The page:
There may be no doubt in your mind at all that your elderly family member can no longer drive, but that doesn’t mean that she agrees. In fact, she may be convinced that she’s still able to drive for many years to come.

Bring Her Doctor in to the Discussion

Your senior’s doctor may have far more influence over her actions and reactions than you might realize. When a statement comes from you or from other family members, it might not hold a lot of weight. The same words from her doctor, on the other hand, make a huge difference. So if she’s still not convinced that driving is no longer for her, it might mean setting up a talk with her doctor so that she can get an explanation that she’ll believe.

Adjust Her Identification Cards

Once your senior is no longer able to drive, the Department of Motor Vehicles may suspend or even revoke her driver’s license. In that case, she might be better off with a state-issued identification card. These usually look slightly different than a driver’s license, and the act of going to get the new ID card may help to cement the idea that she’s not able to drive anymore. It’s also something tangible that she can see and hold, which can help her to process the idea.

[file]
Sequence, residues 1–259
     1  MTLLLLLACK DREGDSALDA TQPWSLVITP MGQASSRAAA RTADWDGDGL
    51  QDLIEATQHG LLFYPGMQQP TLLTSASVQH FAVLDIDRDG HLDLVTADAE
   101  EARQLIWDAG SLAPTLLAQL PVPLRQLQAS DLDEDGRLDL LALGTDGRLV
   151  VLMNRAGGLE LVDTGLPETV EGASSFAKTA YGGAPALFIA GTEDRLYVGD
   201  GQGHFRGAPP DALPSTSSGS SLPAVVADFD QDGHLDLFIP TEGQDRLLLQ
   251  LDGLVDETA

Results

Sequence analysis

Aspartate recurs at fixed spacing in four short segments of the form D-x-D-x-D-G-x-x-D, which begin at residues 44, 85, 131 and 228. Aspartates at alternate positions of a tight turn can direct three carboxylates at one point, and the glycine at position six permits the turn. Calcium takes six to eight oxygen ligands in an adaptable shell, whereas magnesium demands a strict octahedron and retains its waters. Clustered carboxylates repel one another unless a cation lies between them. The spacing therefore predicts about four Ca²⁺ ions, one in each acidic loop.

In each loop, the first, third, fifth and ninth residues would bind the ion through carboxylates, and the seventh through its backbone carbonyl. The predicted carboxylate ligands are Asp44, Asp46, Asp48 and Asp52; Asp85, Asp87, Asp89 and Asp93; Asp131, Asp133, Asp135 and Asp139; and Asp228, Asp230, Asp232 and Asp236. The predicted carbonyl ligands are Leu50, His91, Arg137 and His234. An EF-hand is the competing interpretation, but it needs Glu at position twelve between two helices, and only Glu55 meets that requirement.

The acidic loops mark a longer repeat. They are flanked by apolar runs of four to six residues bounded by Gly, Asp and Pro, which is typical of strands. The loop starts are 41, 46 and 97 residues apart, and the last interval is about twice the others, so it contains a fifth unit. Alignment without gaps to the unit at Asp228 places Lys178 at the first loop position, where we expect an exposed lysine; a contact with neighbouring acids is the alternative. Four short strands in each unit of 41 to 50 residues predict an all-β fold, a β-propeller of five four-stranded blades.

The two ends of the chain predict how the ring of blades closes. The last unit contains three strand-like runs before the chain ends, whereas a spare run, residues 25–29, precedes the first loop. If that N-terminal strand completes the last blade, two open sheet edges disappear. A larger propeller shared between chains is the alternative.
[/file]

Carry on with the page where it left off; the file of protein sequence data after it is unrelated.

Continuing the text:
Keep Transportation Available for Her

The biggest problem, beyond simply wanting to continue to drive, is going to be how to ensure your senior can still get where she needs and wants to go. This is easy if you and other family members are always there with her, but that might not always be the case. Elderly care providers are another option. They can make sure your senior has safe, reliable transportation wherever she plans to go, whenever she decides to go.

Address the Vehicle as Soon as Possible

The elephant in the room might be your senior’s vehicle, though. If she’s still insisting on driving, you might have to do something with your elderly family member’s car. This might mean disabling the vehicle if there’s no other option or selling it to someone else. Neither of these solutions might feel good to you at the time, but until you address the situation your senior isn’t likely to give up.

It’s a big shock for your senior to find that her life has changed as dramatically as no longer being able to drive. She may have counted on doing so for the rest of her foreseeable future, which makes the entire situation worse. Try to remember to be compassionate about what’s happening.

If you or an aging loved one are considering elderly care in West Memorial, TX, please call the caring staff at At Your Side Home Care. We will answer all of your senior care questions. Call today: (832) 271-1600.